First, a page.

After learning about hibernation, George decides that the best way to spend the cold winter months is the way that bears do it-fast asleep! But first it's too bright in his room; then it's not cave-like enough; and then it's too loud. When George fin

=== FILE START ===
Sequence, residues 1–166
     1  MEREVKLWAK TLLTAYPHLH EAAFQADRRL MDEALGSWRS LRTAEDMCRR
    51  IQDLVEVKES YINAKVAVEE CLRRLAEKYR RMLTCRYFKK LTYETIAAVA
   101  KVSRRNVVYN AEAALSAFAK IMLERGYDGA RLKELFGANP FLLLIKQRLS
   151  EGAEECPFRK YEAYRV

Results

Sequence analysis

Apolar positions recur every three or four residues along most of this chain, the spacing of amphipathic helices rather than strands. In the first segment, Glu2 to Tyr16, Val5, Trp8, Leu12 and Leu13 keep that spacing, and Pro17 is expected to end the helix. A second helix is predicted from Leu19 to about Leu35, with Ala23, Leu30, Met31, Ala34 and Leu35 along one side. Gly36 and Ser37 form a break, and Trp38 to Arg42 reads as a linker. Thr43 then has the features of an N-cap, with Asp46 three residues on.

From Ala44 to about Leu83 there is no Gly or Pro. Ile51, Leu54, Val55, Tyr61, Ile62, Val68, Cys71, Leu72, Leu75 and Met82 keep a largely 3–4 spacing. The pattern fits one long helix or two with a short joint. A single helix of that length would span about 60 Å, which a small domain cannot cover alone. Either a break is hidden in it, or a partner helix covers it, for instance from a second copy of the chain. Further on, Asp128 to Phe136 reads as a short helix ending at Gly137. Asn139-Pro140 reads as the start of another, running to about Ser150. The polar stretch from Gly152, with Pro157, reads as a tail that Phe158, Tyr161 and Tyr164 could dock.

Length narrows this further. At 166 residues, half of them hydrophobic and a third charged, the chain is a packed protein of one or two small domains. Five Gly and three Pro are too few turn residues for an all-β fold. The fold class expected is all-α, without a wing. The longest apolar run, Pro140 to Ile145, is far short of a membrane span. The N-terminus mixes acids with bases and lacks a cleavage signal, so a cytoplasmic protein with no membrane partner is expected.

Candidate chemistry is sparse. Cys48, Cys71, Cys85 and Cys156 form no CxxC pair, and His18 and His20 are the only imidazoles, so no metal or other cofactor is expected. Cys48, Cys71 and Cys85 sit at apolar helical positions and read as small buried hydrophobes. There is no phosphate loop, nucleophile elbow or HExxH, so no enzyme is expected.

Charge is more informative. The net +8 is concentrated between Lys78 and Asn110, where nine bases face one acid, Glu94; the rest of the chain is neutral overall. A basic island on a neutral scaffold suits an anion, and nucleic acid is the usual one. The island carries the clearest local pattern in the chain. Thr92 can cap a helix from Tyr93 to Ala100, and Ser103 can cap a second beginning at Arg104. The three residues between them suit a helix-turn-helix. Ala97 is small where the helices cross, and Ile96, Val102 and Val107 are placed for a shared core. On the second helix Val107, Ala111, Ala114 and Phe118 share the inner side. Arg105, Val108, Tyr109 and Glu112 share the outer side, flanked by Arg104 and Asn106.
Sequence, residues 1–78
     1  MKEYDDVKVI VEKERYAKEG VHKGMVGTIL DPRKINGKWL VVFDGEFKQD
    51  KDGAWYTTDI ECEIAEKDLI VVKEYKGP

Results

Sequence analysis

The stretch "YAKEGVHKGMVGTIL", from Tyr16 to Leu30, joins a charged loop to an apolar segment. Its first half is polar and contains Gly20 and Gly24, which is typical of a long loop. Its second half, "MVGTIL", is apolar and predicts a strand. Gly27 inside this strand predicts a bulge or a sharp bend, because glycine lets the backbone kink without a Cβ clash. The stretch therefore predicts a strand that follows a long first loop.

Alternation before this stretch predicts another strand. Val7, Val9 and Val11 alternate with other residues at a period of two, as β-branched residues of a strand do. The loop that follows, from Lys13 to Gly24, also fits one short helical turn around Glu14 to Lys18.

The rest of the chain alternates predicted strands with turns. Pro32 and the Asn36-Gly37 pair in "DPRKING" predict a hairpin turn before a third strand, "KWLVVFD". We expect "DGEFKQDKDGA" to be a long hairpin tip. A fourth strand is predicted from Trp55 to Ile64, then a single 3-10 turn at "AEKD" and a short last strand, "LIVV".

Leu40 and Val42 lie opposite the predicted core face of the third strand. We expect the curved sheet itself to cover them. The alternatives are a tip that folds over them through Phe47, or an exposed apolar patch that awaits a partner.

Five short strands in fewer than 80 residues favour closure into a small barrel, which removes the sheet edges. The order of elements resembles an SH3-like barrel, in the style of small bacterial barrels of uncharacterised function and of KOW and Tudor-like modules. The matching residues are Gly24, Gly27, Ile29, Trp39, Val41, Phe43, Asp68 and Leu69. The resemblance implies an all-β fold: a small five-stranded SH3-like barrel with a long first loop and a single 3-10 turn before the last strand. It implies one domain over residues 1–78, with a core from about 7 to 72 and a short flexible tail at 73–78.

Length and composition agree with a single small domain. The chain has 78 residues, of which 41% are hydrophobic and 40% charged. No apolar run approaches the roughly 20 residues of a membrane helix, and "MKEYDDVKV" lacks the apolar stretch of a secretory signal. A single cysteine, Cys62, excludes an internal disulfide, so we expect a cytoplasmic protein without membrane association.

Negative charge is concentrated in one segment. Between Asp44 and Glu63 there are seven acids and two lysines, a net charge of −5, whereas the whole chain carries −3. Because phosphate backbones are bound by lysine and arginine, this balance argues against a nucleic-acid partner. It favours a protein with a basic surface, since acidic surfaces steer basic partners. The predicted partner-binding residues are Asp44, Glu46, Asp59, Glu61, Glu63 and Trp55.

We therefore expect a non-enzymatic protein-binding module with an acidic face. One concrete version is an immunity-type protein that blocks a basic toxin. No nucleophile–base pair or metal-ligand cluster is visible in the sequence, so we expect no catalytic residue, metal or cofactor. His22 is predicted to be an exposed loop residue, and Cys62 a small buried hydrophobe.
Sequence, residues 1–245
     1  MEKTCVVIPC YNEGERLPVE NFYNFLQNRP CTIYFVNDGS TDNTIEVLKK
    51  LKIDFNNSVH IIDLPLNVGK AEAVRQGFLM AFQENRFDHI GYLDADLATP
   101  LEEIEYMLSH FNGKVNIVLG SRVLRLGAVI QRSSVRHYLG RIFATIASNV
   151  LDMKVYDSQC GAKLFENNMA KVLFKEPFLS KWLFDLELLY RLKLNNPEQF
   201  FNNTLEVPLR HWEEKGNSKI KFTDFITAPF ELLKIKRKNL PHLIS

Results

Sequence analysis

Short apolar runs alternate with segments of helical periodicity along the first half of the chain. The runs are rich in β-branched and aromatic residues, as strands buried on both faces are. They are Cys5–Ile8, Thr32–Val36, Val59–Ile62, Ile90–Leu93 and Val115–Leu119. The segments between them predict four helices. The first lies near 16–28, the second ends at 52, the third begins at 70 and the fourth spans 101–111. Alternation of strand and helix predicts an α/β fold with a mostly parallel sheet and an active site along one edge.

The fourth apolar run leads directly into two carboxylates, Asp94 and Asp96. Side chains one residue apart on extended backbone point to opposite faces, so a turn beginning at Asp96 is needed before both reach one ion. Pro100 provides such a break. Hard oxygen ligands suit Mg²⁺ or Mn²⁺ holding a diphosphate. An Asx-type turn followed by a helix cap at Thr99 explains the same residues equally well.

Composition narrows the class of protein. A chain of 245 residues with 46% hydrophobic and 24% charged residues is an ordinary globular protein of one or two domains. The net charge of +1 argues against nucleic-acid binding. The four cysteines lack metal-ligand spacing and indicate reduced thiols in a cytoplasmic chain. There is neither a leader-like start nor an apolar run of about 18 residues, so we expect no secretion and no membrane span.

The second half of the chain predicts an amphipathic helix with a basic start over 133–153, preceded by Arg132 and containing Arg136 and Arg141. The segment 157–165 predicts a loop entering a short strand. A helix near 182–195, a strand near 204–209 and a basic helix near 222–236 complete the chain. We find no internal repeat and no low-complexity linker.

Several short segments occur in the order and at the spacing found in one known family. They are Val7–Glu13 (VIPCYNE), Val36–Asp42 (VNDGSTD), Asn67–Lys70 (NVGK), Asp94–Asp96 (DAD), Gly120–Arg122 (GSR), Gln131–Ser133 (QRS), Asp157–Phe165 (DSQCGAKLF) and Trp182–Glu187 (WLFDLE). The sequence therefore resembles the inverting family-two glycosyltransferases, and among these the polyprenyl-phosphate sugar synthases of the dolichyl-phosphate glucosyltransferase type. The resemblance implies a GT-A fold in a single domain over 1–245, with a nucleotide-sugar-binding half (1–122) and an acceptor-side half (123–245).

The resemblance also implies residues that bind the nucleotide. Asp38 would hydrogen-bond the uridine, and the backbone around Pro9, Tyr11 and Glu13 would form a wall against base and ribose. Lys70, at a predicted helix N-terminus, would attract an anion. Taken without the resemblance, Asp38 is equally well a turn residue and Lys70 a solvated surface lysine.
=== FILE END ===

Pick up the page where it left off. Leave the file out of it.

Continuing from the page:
Hans Augusto Rey was born on September 16, 1898 in Hamburg, Germany. He escaped to Paris with his wife after the Nazi's invaded. While in Paris, Hans's animal drawings came to the attention of French publisher, who commissioned him to write a children's book. The result, Rafi and the Nine Monkeys, is little remembered today, but one of its characters, an adorably impish monkey named Curious George, was such a success that the couple considered writing a book just about him. Their work was interrupted with the outbreak of World War II. As Jews, the Reys decided to flee Paris before the Nazis seized the city. Hans built two bicycles, and they fled Paris just a few hours before it fell. Among the meager possessions they brought with them was the illustrated manuscript of Curious George. The books were published by Houghton Mifflin in 1941. Curious George was an instant success, and the Reys were commissioned to write more adventures of the mischievous monkey and his friend, the Man in the Yellow Hat. They wrote seven stories in all. At first, Margret's name was left off the cover because there was a glut of women already writing children's fiction. In later editions, this was corrected, and Margret now receives full credit for her role in developing the stories. H. A. Rey died in 1977 and in 1989 Margaret Rey established the Curious George Foundation to help creative children and prevent cruelty to animals.